An overview for this procedure is not yet available.
• Symptomatic varicose veins with proven reflux (CEAP 2)
• Symptomatic Venous Insufficiency with edema, skin changes and/or ulcerations (CEAP 3, 4, 5, 6)
• Symptoms include: aching pain, leg heaviness, leg fatigue, superficial thrombophlebitis, external bleeding, edema, ankle hyperpigmentation, skin changes, venous ulcer
• Significant deep venous reflux and/or DVT
• Central venous obstruction
• Severe uncorrectable coagulopathy
• Inability to ambulate after the procedure
Things to Check
• History and physical exam- CEAP classification
• Preprocedure photographs to document skin changes, ulcerations etc.
• Doppler ultrasound evaluation of the lower extremity deep and superficial vein mapping, to evaluate patency and test for reflux.
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Endovenous Radiofrequency Ablation
• Draw the course of the greater saphenous vein (GSV) to be treated, including branch varicosities and perforators.
• The leg is sterilely prepped and draped.
• Ultrasound guided access into the small or great saphenous vein
• Micropuncture needle and 0.018" wire.
• For RFA the GSV accessed just below the knee to avoid nerve injury to the saphenous nerve
• Small saphenous vein is accessed at the inferior aspect of the gastrocnemius muscle to avoid injury to the sural nerve.
• Place vascular sheath
• The ablation catheter is advance with its tip approximately 3 cm distal/peripheral to the saphenofemoral junction under ultrasound guidance.
• Dilute local anesthetic is then infiltrated along the course of the vein in the perivenous sheath and surrounding subcutaneous tissue under US guidance using the tumescent pump.
• Tumescent works in 3 ways: (1) anesthesia for patient comfort; (2) buffer to protect adjacent tissues from injury during thermal ablation; (3) compress the vein around the ablation device for improved vein wall apposition
• Once adequate anesthesia has been achieved, the catheter is activated and withdrawn through the vein to ablate
• For RFA, the vein is usually heated in 7 cm segments with 20 second treatment cycles
• Catheter is then withdrawn and sheath is removed.
• Manual pressure for hemostasis, usually within 5-10 min.
Small branch varicosities can be treated at the time of ablation with US guided foam sclerotherapy, or at follow up.
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Building a vein practice requires knowledge and skills beyond the treatment of venous disease. Vein expert Dr. Spencer discusses where to start when treating patients with venous disease, when to take charge as a diagnostician, and why interventional radiologists need to start managing their patients perioperatively.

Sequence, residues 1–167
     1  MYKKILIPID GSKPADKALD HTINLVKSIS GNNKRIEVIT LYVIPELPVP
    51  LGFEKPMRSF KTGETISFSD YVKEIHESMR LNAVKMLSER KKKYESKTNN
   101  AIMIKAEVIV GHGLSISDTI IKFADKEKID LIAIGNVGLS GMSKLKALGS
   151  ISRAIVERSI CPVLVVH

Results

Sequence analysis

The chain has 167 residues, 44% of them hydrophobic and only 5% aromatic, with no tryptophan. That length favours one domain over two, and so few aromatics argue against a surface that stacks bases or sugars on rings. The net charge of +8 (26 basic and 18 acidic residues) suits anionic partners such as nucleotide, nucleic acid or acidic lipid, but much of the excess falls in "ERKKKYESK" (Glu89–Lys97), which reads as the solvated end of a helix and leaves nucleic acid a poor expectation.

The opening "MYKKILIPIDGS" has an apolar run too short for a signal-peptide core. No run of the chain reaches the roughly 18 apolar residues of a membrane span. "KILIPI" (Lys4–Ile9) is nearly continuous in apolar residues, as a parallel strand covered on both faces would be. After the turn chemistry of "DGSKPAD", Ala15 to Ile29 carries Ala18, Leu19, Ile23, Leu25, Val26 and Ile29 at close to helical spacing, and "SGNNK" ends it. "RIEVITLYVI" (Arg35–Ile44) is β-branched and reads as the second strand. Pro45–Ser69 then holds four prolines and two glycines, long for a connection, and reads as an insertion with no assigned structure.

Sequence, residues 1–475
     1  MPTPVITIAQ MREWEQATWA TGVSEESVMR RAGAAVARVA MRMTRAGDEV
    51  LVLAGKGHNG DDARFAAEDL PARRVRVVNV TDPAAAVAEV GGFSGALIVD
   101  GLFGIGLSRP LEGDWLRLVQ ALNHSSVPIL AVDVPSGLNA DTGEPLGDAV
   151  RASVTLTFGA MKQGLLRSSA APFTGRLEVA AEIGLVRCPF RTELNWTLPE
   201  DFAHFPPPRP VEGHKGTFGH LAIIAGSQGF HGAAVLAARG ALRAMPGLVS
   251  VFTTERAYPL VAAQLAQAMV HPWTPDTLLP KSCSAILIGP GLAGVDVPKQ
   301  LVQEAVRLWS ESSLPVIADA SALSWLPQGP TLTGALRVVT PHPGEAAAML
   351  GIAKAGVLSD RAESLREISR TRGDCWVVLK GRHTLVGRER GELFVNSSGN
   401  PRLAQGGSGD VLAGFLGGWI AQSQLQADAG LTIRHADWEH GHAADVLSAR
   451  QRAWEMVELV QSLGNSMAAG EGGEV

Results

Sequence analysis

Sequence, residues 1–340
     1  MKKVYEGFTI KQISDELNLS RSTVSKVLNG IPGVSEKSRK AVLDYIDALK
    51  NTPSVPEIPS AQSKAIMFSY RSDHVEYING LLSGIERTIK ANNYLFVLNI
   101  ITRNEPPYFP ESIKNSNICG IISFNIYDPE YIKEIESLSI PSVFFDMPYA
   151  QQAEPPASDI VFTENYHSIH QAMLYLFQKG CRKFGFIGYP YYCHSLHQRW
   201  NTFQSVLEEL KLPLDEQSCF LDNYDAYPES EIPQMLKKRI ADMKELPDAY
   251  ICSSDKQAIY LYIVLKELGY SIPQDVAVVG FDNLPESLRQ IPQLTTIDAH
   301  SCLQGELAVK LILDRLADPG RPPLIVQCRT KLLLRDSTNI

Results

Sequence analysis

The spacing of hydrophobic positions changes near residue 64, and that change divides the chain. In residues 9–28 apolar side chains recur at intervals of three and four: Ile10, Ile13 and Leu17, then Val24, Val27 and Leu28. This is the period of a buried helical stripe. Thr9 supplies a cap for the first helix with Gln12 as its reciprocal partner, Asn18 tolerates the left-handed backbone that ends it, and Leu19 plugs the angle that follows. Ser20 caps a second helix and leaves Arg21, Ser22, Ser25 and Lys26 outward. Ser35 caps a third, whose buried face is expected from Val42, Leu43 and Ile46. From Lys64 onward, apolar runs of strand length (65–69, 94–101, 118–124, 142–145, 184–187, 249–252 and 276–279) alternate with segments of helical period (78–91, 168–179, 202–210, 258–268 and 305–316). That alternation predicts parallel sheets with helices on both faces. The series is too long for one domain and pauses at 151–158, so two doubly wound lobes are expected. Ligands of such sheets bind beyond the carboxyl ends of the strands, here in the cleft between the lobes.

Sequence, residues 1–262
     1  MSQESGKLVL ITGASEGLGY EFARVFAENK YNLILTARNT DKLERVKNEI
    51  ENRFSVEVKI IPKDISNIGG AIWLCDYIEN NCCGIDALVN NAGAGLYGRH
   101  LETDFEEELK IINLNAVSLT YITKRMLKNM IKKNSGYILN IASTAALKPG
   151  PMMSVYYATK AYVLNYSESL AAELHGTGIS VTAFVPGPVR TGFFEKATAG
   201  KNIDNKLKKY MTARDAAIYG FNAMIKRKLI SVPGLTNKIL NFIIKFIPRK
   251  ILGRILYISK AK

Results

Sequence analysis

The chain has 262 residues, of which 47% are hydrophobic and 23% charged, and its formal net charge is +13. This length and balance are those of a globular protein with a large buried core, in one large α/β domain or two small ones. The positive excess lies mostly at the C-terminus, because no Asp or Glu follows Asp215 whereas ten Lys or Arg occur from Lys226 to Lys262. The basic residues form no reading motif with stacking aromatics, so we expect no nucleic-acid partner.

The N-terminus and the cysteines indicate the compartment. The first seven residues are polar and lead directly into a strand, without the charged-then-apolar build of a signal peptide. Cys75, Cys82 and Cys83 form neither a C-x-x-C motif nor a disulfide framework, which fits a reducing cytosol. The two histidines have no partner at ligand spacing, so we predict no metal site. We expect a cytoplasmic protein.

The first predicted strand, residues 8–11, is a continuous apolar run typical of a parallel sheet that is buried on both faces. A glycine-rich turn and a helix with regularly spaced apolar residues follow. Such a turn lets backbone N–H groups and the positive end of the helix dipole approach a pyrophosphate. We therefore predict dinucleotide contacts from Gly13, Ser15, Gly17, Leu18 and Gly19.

At the completion of the procedure, US evaluation of the saphenofemoral junction or saphenopopliteal junction is performed to rule out DVT.
The treated leg is immediately wrapped with ACE wrap for compression, to be worn for at least 24 hours, followed by compression stocking for 2 weeks.
Ambulation is initiated immediately and should be encouraged during post-procedure use of compression stockings.
Follow up US is typically performed within 3-4 days to rule out post procedure DVT or endothermal heat-induced thrombosis (EHIT)
• Pain, ecchymosis, induration, hematoma and phlebitis are the most common adverse events, but usually self-limited
• Skin burns
Vein Ablation Demos
Tessari Method for Foam Sclerosant by Dr. Peter Bream
The Tessari Method is the standard method for creating foam from liquid sclerosants. Foam sclerotherapy is a minimally invasive technique to sclerose blood vessels in varicose veins and restore the blood flow in healthy veins, with or without ultrasound guidance. In this video, Interventional Radiologist Dr. Peter Bream explains the Tessari Method for foam sclerosant (3-2-1 Foam Sclerosant Creation).
Join The Discussion
 Youn YJ, Lee J. Chronic venous insufficiency and varicose veins of the lower extremities. Korean J Intern Med. 2019;34(2):269‐283. doi:10.3904/kjim.2018.230
 Aziz F, Diaz J, Blebea J, Lurie F; American Venous Forum. Practice patterns of endovenous ablation therapy for the treatment of venous reflux disease. J Vasc Surg Venous Lymphat Disord. 2017;5(1):75‐81.e1. doi:10.1016/j.jvsv.2016.08.006
 Kayssi A, Pope M, Vucemilo I, Werneck C. Endovenous radiofrequency ablation for the treatment of varicose veins. Can J Surg. 2015;58(2):85‐86. doi:10.1503/cjs.014914
 Hardman RL, Rochon PJ. Role of interventional radiologists in the management of lower extremity venous insufficiency. Semin Intervent Radiol. 2013;30(4):388‐393. doi:10.1055/s-0033-1359733
 Gloviczki P, Gloviczki ML. Guidelines for the management of varicose veins. Phlebology. 2012;27 Suppl 1:2‐9. doi:10.1258/phleb.2012.012s28
 Eklöf B, Rutherford RB, Bergan JJ, et al. Revision of the CEAP classification for chronic venous disorders: consensus statement. J Vasc Surg. 2004;40(6):1248‐1252. doi:10.1016/j.jvs.2004.09.027
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